Andy Summers on reliving his Police past in new documentary
"We weren’t just a success; we were a worldwide phenomenon, kind of like The Beatles," says Andy Summers, reflecting on The Police's fame that began with the release of the group's first album, Outlandos d'Amour, in 1978, and had, by the time of their studio swan song, 1983's Synchronicity, overwhelmed the guitarist and his band mates, singer-bassist Sting and drummer Stewart Copeland.
"Finally, it became, ‘Yeah, let’s break up. What a great idea!’ There was a sort of confusion about it, but no resistance. It wasn’t like Stewart and I said, ‘Hey, Sting, we’re not gonna break up. We can’t do it. If you leave, we’re gonna get another singer.’ It was just accepted." Summers explains that, at first, the group kept mum about their break-up pact. "This went on for two years, until I just couldn’t stand it anymore, so I started telling the press, ‘Yeah, we broke up.’ Then the truth was out. It was all quite strange.”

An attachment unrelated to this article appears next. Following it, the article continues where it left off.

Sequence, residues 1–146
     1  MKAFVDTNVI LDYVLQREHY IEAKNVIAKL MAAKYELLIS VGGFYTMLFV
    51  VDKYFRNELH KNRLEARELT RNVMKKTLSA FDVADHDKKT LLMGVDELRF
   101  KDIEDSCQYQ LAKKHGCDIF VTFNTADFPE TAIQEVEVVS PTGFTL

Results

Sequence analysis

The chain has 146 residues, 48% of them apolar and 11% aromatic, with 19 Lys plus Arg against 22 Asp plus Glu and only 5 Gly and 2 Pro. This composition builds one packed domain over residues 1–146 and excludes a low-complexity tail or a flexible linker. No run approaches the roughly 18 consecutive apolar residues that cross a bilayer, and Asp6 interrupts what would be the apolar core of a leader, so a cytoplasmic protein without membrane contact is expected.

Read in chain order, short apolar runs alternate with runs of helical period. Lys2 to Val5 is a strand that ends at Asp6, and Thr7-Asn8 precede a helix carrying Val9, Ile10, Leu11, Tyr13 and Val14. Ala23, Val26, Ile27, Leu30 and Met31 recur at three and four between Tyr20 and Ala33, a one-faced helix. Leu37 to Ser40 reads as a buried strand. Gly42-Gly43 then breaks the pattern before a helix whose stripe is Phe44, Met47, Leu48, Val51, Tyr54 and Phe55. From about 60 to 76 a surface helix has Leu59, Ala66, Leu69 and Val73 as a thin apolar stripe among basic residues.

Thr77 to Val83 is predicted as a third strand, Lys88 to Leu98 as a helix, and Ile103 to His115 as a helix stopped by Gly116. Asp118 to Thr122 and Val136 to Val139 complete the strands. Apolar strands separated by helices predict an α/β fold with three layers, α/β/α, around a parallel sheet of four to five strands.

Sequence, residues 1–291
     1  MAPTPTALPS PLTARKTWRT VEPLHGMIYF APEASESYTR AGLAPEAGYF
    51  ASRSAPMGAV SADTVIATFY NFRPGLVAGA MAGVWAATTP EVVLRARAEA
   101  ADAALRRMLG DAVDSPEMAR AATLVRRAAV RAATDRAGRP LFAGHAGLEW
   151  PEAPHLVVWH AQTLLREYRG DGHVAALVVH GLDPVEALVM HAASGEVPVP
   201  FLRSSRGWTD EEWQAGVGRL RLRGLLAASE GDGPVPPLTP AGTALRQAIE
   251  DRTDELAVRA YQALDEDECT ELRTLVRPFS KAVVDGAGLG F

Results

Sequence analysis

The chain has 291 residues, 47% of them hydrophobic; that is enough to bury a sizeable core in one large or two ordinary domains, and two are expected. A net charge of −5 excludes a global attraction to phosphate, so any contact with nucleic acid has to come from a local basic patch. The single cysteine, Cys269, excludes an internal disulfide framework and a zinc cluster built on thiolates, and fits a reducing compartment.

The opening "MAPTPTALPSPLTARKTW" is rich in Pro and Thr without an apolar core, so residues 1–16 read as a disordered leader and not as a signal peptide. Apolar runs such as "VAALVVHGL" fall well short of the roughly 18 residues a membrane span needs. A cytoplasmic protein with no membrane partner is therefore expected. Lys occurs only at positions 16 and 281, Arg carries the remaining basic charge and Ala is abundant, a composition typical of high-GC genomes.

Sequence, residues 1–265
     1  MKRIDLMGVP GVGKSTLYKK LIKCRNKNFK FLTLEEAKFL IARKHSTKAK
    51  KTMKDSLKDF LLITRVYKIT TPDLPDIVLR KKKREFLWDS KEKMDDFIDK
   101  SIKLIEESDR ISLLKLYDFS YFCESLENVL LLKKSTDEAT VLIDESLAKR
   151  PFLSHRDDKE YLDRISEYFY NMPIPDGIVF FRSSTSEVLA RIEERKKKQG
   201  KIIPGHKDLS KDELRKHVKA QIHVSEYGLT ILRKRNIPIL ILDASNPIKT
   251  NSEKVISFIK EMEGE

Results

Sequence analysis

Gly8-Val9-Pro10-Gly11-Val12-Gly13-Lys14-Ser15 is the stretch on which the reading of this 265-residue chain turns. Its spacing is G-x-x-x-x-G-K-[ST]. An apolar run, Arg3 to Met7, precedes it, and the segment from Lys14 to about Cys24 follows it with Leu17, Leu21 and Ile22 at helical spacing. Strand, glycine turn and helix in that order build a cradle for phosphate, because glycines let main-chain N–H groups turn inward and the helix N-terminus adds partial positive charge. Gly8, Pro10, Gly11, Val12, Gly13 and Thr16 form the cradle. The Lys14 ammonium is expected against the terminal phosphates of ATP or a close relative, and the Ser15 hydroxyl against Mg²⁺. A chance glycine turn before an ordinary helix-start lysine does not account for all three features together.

The story of The Police – a trio of musical virtuosos who did what few bands have to guts to do, going out on top after releasing five stellar albums – is so astonishing you'd think a Hollywood screenwriter had dreamed it up. Summers traced the tale in his exceptional 2007 memoir, One Train Later, which also recounted his childhood in Dorset, England, as well as his pre-fame years as a journeyman guitarist in bands such as Zoot Money's Big Roll Band and Eric Burdon And The Animals. One Train Later is the basis for Summers' gripping and highly entertaining new documentary, Can't Stand Losing You: Surviving The Police, in which the guitarist revisits his musical life, focusing, as you might expect, on the personal struggles and creative conflicts that attended The Police's incredible six-year ride.